National Sleep Awareness Week


Have you been sleeping well recently? According to the National Sleep Foundation, “adults between the ages of 18 and 65 years old should be getting anywhere from seven to nine hours of sleep per night.” March 3rd to March 10th is National Sleep Awareness Week. The goal of this week is to help people think about their sleeping habits since sleep is such an important factor of your life. This week especially is a great time to reflect on your sleep habits! If your sleep is not where it should be to provide you the energy to get through the day, let’s work on it! If you are having a trouble with sleeping, it is very important to take the steps to work on this problem.

People who have trouble sleeping face many negative consequences. The Centers for Disease Control and Prevention (2016), reported that people who are averaging six hours of sleep or less per night were more likely to fall asleep while driving than those who are sleeping more than seven hours per night. Also, according to the Journal of Clinical Psychiatry (2019), people who are having trouble sleeping are more at risk of suicide. Finally, according to the CDC as quoted in the National Wellness Institute (2018), “insufficient sleep has been linked to the development and management of a number of chronic diseases and conditions, including diabetes, cardiovascular disease, obesity, and depression”. Poor sleeping habits can make it more likely to develop mental and physical health problems. Let’s remind people around you how much sleep is important in your life during Sleep Awareness Week!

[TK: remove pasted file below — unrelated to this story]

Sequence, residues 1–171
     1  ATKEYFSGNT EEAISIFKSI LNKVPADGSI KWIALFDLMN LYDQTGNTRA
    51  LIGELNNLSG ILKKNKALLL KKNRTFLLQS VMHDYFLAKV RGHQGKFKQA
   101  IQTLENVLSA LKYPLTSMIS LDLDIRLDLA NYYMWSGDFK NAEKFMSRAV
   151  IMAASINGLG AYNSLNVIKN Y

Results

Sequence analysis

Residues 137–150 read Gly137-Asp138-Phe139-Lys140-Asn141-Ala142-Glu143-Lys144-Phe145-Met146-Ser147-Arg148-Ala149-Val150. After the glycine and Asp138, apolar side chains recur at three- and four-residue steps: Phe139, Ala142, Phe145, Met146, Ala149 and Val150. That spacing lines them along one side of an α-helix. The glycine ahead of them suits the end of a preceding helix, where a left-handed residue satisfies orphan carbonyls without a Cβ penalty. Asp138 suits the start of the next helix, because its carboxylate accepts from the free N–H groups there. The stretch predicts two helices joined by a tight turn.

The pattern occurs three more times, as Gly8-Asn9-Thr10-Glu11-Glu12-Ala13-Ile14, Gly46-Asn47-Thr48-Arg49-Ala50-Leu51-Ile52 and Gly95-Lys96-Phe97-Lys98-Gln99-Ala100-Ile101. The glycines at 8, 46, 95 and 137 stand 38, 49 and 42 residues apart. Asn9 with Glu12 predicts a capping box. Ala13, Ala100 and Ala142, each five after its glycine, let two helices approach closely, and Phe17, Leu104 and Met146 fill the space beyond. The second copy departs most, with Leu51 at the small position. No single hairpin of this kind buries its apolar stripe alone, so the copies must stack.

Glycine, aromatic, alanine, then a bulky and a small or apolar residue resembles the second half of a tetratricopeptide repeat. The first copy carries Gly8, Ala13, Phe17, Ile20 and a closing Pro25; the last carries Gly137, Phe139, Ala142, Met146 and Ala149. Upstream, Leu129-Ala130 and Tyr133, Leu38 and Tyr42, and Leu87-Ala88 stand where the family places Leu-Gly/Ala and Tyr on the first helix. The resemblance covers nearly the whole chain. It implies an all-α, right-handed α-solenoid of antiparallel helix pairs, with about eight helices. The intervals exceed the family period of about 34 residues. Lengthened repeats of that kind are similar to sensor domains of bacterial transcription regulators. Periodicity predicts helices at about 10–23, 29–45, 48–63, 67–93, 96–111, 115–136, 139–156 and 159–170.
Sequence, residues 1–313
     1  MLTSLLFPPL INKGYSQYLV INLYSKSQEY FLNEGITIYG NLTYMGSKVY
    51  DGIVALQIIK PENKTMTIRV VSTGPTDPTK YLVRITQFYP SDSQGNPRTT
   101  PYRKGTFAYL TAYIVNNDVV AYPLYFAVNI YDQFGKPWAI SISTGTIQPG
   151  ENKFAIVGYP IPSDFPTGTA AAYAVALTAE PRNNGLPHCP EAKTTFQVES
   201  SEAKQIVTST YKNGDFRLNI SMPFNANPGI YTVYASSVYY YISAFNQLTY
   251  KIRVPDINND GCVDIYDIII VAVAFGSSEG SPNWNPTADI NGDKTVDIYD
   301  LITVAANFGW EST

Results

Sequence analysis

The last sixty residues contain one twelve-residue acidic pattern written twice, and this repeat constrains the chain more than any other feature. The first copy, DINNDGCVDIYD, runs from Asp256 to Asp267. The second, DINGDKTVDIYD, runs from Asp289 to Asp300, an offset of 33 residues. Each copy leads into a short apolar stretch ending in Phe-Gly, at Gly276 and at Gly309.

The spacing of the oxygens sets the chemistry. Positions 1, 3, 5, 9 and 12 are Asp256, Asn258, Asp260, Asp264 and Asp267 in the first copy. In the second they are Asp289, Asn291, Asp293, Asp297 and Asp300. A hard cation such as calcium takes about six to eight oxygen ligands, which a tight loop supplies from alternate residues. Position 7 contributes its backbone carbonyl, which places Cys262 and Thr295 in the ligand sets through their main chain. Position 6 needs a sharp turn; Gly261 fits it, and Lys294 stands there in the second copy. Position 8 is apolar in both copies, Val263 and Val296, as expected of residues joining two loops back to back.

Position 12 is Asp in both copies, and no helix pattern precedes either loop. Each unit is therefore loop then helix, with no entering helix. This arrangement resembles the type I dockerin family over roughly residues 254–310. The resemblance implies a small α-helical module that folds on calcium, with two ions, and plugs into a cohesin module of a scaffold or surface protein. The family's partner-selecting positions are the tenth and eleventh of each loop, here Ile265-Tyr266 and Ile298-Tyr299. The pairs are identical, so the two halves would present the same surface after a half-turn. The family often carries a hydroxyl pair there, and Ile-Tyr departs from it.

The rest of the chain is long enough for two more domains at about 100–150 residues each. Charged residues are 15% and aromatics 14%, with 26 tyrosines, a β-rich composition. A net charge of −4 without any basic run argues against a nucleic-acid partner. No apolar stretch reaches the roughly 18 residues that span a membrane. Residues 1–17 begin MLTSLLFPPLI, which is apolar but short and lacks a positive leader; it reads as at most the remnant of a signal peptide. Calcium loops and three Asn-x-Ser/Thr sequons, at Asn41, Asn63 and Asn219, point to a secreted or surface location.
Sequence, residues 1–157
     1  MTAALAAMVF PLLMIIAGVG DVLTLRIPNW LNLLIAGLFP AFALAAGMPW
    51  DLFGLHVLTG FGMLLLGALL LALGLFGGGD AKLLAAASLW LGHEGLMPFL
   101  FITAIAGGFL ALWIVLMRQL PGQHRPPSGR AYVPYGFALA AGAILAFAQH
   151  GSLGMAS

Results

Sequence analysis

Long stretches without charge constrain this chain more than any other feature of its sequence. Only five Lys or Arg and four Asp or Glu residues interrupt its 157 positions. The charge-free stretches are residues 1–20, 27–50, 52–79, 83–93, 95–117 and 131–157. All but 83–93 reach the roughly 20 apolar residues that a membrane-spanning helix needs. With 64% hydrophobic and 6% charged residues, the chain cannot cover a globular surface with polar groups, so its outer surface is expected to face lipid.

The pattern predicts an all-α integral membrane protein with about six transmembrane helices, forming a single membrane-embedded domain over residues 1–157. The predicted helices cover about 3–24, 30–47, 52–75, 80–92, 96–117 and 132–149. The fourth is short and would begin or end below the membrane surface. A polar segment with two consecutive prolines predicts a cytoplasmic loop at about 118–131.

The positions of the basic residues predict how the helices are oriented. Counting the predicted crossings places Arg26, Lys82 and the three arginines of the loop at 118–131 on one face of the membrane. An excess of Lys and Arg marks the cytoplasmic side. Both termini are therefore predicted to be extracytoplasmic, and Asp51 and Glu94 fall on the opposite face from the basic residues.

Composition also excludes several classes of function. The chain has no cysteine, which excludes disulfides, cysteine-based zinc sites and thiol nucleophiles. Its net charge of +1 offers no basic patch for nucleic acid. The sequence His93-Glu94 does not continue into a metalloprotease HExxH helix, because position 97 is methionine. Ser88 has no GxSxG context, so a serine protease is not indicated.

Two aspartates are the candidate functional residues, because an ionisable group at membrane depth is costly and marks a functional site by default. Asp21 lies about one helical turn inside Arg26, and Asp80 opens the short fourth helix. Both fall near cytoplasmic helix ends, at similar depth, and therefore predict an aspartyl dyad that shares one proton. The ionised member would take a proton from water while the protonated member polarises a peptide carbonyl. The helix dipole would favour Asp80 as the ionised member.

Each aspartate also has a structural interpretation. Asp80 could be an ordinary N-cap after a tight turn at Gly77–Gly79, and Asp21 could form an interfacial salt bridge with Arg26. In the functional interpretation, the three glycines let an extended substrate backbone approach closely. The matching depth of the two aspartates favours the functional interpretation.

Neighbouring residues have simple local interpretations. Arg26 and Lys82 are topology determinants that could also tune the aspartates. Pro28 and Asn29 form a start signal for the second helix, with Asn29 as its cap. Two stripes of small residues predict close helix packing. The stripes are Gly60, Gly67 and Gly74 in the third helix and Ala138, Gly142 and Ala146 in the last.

As you can see, these are many important reasons why the community needs to raise awareness and offer support to those who are suffering from sleep problems. The Center for Behavioral Health is here to help with your sleep problems. Our caring and compassionate clinicians are here to offer an ear to listen while also providing coping mechanisms for those who need better sleep. If you are having sleep trouble, please reach out to us. Call the Center for Behavioral Health (502-792-7011) to start improving your sleep every day!